Africa, Access to Opportunity, and AI
On March 13, 2018, I had the pleasure of speaking at a CSW62 side-event entitled “African Girls can CODE: Empowering African Women and Girls through ICT and Coding.” The event was organized by the African Union, Permanent Mission of Denmark to the UN Ministry of Foreign Affairs of Denmark, and the International Telecommunication Union, and hosted at the AU Permanent Mission to the United Nations in NYC.
It was an honor to speak alongside H.E. Amira El Fadil (AU Commissioner for Social Affairs), Ms. Ulla Toernaes (Danish Minister for Development Cooperation), Ms. Ursula Wynhoven (ITU Representative to the United Nations), and Mme Phumzile Mlambo-Ngocuka (UN Under-Secretary-General and Executive Director of UN Women). Below is a transcript of my talk.
When I was 11, I discovered my love for mathematics. I was so interested in the subject that I would often spend entire weekends trying to prove theorems that had been given to us as black-boxes in school.
Now, there was just one problem; in my home country of Ethiopia, students didn’t get to pick their majors in college. Majors were assigned to students based on a variety of factors including performance, preference, and need. At the time, high-performing students such as myself had nearly a 50% chance of being assigned to medicine.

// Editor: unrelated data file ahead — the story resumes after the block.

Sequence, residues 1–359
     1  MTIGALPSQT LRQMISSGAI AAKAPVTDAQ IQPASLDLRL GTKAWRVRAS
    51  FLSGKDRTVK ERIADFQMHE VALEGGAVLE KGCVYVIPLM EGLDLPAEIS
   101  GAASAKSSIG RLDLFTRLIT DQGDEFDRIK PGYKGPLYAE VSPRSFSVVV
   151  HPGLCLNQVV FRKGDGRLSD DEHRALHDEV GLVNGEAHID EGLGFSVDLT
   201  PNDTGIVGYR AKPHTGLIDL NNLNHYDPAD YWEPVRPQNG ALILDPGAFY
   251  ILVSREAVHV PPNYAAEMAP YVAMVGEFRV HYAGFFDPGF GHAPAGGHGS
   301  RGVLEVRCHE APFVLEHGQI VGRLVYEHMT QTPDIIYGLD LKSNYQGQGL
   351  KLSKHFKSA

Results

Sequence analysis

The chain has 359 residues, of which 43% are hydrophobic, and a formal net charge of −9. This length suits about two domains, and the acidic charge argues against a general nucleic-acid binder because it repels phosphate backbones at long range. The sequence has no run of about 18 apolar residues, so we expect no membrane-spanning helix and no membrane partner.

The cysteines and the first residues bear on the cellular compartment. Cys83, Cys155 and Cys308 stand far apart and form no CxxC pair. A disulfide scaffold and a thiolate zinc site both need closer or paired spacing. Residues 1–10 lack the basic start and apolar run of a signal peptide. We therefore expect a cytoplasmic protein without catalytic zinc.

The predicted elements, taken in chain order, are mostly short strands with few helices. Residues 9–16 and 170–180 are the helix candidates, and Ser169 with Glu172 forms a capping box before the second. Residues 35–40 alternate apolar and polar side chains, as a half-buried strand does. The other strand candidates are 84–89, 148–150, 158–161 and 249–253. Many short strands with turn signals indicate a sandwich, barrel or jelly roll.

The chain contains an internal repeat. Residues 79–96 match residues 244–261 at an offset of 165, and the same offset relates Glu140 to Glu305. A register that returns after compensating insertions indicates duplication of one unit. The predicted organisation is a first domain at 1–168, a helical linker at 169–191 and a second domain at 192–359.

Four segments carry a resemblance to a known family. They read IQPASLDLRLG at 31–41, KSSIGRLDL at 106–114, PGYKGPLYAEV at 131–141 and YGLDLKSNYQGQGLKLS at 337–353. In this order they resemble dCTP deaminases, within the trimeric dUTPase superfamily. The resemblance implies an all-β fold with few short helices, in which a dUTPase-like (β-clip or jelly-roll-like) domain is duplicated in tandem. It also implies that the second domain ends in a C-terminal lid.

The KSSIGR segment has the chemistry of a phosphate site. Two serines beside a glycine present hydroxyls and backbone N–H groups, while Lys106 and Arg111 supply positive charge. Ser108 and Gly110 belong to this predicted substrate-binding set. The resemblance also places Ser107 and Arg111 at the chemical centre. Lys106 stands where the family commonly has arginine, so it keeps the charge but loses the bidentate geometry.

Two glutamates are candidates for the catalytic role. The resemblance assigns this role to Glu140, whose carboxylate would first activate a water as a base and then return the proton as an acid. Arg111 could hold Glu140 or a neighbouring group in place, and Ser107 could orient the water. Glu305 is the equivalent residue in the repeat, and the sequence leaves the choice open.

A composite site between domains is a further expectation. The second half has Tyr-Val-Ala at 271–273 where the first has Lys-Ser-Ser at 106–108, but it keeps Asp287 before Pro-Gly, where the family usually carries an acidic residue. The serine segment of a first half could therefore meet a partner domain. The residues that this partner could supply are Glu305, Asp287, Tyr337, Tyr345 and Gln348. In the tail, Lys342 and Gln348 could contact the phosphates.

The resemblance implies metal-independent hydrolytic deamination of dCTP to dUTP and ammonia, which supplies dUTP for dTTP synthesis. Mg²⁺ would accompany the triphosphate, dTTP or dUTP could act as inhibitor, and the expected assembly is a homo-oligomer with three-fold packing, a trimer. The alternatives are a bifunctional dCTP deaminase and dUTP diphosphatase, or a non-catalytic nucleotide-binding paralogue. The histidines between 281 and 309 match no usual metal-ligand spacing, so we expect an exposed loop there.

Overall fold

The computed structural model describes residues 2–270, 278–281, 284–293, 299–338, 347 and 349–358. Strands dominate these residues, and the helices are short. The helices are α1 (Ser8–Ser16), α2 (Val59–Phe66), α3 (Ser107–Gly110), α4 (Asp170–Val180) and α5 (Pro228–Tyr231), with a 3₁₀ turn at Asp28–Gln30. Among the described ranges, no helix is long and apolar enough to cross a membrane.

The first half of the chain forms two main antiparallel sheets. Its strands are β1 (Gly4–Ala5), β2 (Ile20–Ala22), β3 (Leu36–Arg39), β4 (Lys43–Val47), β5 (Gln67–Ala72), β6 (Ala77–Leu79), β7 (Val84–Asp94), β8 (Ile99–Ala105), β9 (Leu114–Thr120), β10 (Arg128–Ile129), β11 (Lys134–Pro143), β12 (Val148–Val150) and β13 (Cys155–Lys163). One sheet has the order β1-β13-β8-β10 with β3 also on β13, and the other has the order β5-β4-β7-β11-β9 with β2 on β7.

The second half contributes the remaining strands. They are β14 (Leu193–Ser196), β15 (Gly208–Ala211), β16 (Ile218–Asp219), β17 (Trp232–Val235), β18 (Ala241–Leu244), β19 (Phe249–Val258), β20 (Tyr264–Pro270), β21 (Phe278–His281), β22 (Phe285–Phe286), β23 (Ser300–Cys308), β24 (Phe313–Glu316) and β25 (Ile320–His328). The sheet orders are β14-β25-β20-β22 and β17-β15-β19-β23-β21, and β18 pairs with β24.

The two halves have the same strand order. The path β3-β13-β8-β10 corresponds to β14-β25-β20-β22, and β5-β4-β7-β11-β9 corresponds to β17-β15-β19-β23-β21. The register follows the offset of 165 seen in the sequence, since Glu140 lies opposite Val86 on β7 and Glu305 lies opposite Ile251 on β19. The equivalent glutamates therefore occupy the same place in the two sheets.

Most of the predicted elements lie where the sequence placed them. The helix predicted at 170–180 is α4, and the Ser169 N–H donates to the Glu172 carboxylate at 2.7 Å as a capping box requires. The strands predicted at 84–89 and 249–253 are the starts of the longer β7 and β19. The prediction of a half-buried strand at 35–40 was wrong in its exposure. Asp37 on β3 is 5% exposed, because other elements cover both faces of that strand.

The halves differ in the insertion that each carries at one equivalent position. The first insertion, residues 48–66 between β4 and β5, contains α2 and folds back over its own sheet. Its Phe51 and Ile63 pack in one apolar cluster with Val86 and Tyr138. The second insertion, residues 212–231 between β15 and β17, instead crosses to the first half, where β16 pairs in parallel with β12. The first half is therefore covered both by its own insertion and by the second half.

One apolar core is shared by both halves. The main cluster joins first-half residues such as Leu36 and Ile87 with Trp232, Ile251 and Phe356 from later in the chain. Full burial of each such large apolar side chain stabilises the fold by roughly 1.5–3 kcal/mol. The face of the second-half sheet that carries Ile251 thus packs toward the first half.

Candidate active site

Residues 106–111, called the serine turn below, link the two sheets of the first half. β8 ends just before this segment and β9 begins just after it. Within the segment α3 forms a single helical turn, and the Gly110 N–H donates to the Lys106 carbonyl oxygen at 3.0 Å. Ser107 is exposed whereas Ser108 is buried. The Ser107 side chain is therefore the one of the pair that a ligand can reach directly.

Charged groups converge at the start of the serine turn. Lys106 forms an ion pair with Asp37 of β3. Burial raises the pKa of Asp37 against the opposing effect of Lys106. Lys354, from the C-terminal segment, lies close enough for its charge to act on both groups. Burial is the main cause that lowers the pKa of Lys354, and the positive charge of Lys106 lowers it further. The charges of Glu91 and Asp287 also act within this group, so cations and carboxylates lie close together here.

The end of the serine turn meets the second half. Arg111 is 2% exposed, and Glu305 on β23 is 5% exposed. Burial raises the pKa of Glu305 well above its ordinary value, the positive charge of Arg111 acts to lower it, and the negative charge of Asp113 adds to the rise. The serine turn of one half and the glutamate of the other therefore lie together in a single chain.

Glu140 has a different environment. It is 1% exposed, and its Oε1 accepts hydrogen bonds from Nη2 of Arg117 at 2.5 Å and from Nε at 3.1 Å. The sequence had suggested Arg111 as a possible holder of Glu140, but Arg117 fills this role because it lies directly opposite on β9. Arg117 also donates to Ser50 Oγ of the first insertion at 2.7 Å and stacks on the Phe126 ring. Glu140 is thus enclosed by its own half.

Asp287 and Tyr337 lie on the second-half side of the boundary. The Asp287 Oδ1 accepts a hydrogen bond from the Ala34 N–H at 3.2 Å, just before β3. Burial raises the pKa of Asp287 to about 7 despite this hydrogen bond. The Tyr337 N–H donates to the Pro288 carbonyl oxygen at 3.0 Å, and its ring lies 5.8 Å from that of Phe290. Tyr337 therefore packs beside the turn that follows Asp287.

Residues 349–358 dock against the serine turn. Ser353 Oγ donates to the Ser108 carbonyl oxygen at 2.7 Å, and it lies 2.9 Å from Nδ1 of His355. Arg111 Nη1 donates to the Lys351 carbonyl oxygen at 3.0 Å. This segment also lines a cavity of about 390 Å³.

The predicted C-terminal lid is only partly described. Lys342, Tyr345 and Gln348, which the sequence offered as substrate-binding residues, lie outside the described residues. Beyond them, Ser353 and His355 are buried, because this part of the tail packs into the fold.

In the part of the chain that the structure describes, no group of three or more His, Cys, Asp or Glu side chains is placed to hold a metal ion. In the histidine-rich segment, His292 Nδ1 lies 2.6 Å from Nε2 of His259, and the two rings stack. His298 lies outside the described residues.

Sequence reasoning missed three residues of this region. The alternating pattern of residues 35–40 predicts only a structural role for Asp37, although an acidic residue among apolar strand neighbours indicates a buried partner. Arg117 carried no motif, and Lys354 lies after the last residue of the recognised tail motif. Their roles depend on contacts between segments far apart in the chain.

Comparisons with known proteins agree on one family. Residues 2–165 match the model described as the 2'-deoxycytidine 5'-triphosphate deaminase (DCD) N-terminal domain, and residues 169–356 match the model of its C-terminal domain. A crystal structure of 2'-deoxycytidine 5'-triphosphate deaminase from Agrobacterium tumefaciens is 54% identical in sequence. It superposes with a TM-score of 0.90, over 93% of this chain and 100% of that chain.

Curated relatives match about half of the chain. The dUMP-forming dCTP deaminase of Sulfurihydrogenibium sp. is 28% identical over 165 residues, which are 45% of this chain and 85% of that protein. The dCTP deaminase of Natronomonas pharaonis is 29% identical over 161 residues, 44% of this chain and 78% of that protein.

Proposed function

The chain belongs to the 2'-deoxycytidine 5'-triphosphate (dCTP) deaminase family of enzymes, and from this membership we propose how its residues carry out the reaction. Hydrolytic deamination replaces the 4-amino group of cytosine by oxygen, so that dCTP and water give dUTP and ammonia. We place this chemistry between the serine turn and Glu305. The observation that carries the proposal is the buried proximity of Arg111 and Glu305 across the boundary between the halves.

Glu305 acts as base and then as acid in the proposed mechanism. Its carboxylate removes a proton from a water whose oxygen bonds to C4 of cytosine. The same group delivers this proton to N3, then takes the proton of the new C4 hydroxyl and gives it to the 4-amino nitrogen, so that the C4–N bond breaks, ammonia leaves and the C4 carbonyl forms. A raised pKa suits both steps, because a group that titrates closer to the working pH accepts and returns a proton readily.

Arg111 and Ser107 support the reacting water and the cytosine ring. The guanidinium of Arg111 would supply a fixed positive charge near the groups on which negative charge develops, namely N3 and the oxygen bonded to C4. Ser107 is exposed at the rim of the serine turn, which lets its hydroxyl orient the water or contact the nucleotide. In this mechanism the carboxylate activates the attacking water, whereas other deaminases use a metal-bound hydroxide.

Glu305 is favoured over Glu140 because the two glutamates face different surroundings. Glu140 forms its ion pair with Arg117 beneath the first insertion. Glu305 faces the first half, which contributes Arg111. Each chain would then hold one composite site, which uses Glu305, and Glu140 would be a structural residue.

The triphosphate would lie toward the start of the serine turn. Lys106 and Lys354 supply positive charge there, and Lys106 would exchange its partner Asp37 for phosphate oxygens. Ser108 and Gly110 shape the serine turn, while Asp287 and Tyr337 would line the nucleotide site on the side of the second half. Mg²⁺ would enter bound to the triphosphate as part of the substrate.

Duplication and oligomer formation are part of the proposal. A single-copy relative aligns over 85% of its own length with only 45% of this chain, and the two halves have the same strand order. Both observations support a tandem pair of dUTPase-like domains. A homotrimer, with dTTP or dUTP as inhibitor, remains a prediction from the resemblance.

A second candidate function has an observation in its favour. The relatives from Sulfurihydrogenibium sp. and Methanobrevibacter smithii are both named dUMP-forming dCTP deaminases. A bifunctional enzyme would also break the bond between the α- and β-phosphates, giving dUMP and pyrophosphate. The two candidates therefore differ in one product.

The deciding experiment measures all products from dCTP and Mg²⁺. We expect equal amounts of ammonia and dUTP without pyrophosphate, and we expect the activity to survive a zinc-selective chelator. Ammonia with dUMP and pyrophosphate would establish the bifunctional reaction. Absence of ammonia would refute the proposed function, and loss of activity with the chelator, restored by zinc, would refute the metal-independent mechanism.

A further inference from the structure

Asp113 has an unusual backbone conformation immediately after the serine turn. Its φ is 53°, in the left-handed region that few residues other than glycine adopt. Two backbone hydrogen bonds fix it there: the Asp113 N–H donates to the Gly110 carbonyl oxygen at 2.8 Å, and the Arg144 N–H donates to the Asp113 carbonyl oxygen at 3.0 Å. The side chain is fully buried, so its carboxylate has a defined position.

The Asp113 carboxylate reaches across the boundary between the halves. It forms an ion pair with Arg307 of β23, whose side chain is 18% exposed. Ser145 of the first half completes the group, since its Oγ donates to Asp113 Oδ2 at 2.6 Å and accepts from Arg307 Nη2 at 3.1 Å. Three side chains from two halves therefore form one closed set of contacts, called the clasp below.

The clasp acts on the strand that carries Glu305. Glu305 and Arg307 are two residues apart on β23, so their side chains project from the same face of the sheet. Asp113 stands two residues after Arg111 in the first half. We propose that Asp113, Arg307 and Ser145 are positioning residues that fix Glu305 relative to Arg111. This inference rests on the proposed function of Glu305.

But I didn’t want to be a doctor; I was barely comfortable dealing with my own scratches and bruises, much less anyone else’s. I preferred to study math, but I had limited access to opportunities and resources. My family could barely afford my required textbooks, so extra books were out of the question. And I didn’t have access to summer math programs or extra-curricular activities. My mother has always been a deep believer in the importance of education for women and girls. She had finished her own Bachelor’s degree by taking night classes while raising 3 kids. She was always my fiercest advocate when it came to getting the best education possible. But, there was only so much she could do on her own. So, at the time, doing well in school and becoming a doctor stood as one of the best possible outcomes.